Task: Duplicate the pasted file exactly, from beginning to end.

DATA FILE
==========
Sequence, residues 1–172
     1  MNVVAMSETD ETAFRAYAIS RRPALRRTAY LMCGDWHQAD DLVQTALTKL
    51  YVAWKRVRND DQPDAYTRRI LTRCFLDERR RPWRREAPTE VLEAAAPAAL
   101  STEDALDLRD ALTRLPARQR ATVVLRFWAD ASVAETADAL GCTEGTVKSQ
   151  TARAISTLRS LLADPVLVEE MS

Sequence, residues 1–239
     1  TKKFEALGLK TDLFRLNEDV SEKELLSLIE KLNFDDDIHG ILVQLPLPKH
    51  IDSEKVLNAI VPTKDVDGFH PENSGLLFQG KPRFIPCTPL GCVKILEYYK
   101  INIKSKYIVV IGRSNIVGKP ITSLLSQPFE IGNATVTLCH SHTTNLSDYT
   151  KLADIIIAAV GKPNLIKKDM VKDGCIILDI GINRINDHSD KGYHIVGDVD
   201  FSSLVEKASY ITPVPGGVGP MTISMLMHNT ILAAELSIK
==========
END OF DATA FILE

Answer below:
Sequence, residues 1–172
     1  MNVVAMSETD ETAFRAYAIS RRPALRRTAY LMCGDWHQAD DLVQTALTKL
    51  YVAWKRVRND DQPDAYTRRI LTRCFLDERR RPWRREAPTE VLEAAAPAAL
   101  STEDALDLRD ALTRLPARQR ATVVLRFWAD ASVAETADAL GCTEGTVKSQ
   151  TARAISTLRS LLADPVLVEE MS

Sequence, residues 1–239
     1  TKKFEALGLK TDLFRLNEDV SEKELLSLIE KLNFDDDIHG ILVQLPLPKH
    51  IDSEKVLNAI VPTKDVDGFH PENSGLLFQG KPRFIPCTPL GCVKILEYYK
   101  INIKSKYIVV IGRSNIVGKP ITSLLSQPFE IGNATVTLCH SHTTNLSDYT
   151  KLADIIIAAV GKPNLIKKDM VKDGCIILDI GINRINDHSD KGYHIVGDVD
   201  FSSLVEKASY ITPVPGGVGP MTISMLMHNT ILAAELSIK